Reduce your Response to

Chronic Stress

The research is clear. Chronic stress is bad for your body and it’s bad for your mind. 

Stress ages you faster. It disrupts RESTORATIVE sleep, which also ages you faster. It lowers your immune system, making you more susceptible to illness. It contributes to anxiety, depression, and even neurological issues. Chronic stress affects digestion and your “gut function.” It wears out your nervous system. Over time, it can zap your energy by interfering with mitochondrial function, or increase anger, frustration, and body tension.    

Biofeedback and neurofeedback—game changers for chronic stress

Everywhere you hear “REDUCE YOUR STRESS—and by the time we see them, our clients have tried. They’ve done yoga, meditation, mindfulness, physical exercise, massage, and psychotherapy. They’ve tried herbs and supplements, pot, alcohol, and medications. They’ve done what they could to deal better with stress but many have decided to “just live with it.” 

I promise you. You don’t have to just live with it. And you aren’t stuck with chronic stress. Biofeedback and neurofeedback can—and will—help you turn down your stress dial. — Mike Cohen, Director, Center for Brain Training

Our biofeedback, neurofeedback, and neurostimulation tools train your nervous system to change its pattern of response to stress (and can be used with people of all ages). These tools can:
  • Tone down emotional intensity
  • Reduce tension
  • Quiet the gut
  • Slow down or quiet racing thoughts
  • Enhance “parasympathetic response” (the calming part of your nervous system)
  • Moderate the impact of triggers caused by annoying or difficult life stressors
  • Assist in getting sounder, more restorative sleep. (Good sleep is CRITICAL.)
Our clients who’ve trained with neurofeedback and biofeedback often say they’re surprised by how much calmer they are when stressors pop up.
  • They’re less triggered by events or people.
  • They find life easier to live.
  • They’re less exhausted mentally and emotionally.
  • They feel less frustrated.
  • They have more energy.

How our program works

If you’re experiencing chronic stress and want to be able to respond differently to it, we may be able to help. Our technology is a great option for those who want to improve their overall wellbeing without relying on medication.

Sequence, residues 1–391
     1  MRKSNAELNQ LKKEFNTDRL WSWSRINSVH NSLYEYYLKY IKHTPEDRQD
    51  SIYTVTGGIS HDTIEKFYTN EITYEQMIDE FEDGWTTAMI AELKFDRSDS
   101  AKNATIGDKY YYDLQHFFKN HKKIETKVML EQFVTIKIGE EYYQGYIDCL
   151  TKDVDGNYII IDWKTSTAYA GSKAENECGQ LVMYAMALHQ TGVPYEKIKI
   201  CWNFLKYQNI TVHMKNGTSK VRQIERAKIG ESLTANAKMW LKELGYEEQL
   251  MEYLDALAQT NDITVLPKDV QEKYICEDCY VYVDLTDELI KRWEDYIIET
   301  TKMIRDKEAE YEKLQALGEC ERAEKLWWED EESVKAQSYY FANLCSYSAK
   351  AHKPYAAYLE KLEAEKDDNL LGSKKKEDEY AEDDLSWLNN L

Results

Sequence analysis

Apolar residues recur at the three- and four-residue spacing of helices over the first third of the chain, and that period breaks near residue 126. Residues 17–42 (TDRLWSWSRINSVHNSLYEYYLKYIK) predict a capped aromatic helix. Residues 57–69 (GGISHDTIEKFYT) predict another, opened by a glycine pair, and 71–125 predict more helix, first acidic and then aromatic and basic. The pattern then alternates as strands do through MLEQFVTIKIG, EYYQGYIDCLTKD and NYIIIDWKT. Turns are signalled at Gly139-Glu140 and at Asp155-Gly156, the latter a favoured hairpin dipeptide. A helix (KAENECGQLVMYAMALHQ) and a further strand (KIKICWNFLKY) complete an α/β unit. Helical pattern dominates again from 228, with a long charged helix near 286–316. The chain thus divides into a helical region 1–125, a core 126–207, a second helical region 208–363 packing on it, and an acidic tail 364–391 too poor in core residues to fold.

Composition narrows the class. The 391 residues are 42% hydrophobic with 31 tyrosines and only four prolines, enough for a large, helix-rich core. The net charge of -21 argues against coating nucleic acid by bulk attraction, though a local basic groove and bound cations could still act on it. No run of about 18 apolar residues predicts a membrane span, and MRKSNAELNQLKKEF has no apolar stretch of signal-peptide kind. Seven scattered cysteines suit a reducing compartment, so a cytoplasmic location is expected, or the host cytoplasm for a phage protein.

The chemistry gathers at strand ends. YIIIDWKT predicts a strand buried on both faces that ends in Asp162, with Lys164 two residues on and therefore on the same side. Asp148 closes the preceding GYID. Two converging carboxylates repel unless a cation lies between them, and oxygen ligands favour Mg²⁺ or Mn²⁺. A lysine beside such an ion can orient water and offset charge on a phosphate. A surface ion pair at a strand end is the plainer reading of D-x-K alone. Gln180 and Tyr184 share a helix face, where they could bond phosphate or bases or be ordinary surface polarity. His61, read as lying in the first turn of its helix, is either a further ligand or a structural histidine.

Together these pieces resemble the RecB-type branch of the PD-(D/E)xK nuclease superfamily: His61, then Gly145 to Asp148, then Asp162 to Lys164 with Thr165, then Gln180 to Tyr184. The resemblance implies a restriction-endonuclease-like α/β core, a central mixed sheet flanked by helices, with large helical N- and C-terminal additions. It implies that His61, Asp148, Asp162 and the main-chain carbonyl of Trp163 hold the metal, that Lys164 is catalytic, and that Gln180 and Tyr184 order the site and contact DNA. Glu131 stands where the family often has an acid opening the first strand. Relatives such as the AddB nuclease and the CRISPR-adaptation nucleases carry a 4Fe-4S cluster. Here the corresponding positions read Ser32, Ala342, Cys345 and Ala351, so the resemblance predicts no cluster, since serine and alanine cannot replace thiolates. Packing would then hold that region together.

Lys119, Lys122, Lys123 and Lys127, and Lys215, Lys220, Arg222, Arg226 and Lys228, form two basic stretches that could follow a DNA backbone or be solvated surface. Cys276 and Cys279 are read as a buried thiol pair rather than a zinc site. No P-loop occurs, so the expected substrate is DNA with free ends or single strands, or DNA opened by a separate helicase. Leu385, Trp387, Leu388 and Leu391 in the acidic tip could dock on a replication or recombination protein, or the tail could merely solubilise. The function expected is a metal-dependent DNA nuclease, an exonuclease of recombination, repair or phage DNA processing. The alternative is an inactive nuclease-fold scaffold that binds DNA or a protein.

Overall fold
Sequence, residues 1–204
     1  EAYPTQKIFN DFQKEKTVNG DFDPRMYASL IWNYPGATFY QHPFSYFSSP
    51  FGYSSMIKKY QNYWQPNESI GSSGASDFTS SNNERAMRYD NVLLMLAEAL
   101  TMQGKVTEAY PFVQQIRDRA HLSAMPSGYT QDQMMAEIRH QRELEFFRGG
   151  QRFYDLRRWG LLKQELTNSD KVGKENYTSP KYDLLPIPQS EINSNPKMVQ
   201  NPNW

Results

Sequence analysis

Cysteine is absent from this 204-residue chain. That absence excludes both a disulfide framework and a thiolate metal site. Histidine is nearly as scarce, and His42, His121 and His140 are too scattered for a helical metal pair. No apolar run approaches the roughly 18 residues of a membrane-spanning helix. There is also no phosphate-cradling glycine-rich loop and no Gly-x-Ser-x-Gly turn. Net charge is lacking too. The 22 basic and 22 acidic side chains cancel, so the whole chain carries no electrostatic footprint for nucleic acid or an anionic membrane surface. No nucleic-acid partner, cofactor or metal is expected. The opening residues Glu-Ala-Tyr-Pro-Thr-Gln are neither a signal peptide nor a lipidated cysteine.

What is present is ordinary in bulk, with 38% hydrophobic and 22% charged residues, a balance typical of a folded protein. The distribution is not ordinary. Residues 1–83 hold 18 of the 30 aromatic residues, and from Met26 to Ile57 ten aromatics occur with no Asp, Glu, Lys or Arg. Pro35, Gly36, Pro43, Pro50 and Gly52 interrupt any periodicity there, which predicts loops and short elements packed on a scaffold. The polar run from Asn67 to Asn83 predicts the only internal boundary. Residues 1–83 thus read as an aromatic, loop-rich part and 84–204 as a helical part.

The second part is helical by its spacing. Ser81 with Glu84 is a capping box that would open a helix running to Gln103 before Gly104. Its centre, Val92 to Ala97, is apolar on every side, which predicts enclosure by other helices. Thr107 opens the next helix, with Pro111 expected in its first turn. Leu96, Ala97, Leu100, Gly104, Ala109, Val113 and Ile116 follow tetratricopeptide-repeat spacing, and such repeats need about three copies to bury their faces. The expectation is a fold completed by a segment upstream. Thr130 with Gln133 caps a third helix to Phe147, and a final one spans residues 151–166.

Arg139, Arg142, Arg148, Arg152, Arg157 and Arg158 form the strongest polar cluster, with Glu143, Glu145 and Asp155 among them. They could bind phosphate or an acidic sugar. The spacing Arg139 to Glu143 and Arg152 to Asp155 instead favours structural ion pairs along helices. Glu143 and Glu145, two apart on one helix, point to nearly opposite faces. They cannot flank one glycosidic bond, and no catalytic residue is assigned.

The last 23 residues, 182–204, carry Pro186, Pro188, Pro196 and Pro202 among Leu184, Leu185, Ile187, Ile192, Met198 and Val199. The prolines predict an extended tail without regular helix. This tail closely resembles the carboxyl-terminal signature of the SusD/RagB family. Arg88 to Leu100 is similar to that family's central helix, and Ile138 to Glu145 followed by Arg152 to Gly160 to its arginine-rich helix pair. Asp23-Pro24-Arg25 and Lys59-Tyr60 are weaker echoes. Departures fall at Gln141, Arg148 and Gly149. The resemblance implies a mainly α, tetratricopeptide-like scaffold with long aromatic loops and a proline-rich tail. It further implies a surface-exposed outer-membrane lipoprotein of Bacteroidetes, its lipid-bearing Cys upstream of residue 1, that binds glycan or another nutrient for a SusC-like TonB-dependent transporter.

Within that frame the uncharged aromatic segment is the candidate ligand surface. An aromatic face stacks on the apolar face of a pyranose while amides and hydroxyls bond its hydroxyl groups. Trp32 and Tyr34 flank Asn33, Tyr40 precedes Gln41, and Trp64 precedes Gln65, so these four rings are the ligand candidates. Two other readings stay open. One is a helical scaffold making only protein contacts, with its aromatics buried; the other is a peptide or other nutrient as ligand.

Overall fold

We have numerous tools and technologies that can “tune up” your frazzled brain and nervous system to respond differently to life stressors. Our trained staff will work with you one-on-one to help you learn to ease your stress response. Here’s how to get started:
  1. Make an appointment for a consultation (we offer remote consultations for people out-of-area). This comprehensive meeting is geared toward finding out what’s driving your nervous system’s response to stress and formulating a plan of attack (treatment plan) which may, or may not, include a brain map. 
  2. Train on a regular basis, as outlined in your treatment plan, and stick with it!

Our clients say:

“I haven’t changed anything else – but I’m handling all my stress much better.”

We’ve spent years identifying how to use these unique combinations of tools and approaches to drive down chronic stress. 
Our tools
Our tools include (but aren’t limited to):
  • Neurofeedback, to train healthier or more adaptive brain patterns
  • Neurostimulation, to improve blood flow and decrease inflammation
  • Intermittent oxygen training in our Gym for the Brain division to improve oxygenation of the brain and body
  • Recommendations on lifestyle changes (exercise, stress management, sleep hygiene)
  • Identifying environmental contributors
  • Recommendations for practical nutrition and diet changes to reduce brain inflammation or help support brain function and the gut-brain connection. 

Read below for more in-depth information about stress

Why is stress bad for the brain?
Chronic stress floods the brain with hormones for extended periods, potentially damaging or shrinking certain areas of the brain, interfering with their function. These vulnerable areas include:
  • The hippocampus, crucial for memory and learning
  • The prefrontal cortex, the region responsible for decision-making and impulse control. Harm can result in reduced executive function and impaired judgment.
  • The amygdala, the brain’s emotional center. Impairment can lead to increased emotional reactivity.
Why do some people experience stress more than others?
These differences relate to a complex interplay of genetic, environmental, and psychological factors. 
  • Some people may inherit a predisposition to be more sensitive to stress.
  • Adverse childhood events or trauma can impact one’s stress response later in life.
  • Personality traits like perfectionism or neuroticism can increase stress vulnerability.Those with strong social networks tend to handle stress better.
  • Poor quality sleep makes you less stress-tolerant and more vulnerable to stress.
  • “Hidden” environmental triggers (such as EMF, excessive light at night, and mold) can increase physiological and brain stress.

Suffering from both stress and anxiety? They can be related.

Stress is a response to a challenging situation, whether it be physical or mental. Anxiety is a feeling of fear, worry, or unease about a future event or uncertain outcome. 

While stress and anxiety are different experiences, they can be interconnected. Chronic stress can lead to anxiety, and anxiety can increase stress levels.

If you’re struggling with stress, anxiety, or both, we can help.

Photo by Uday Mittal on Unsplash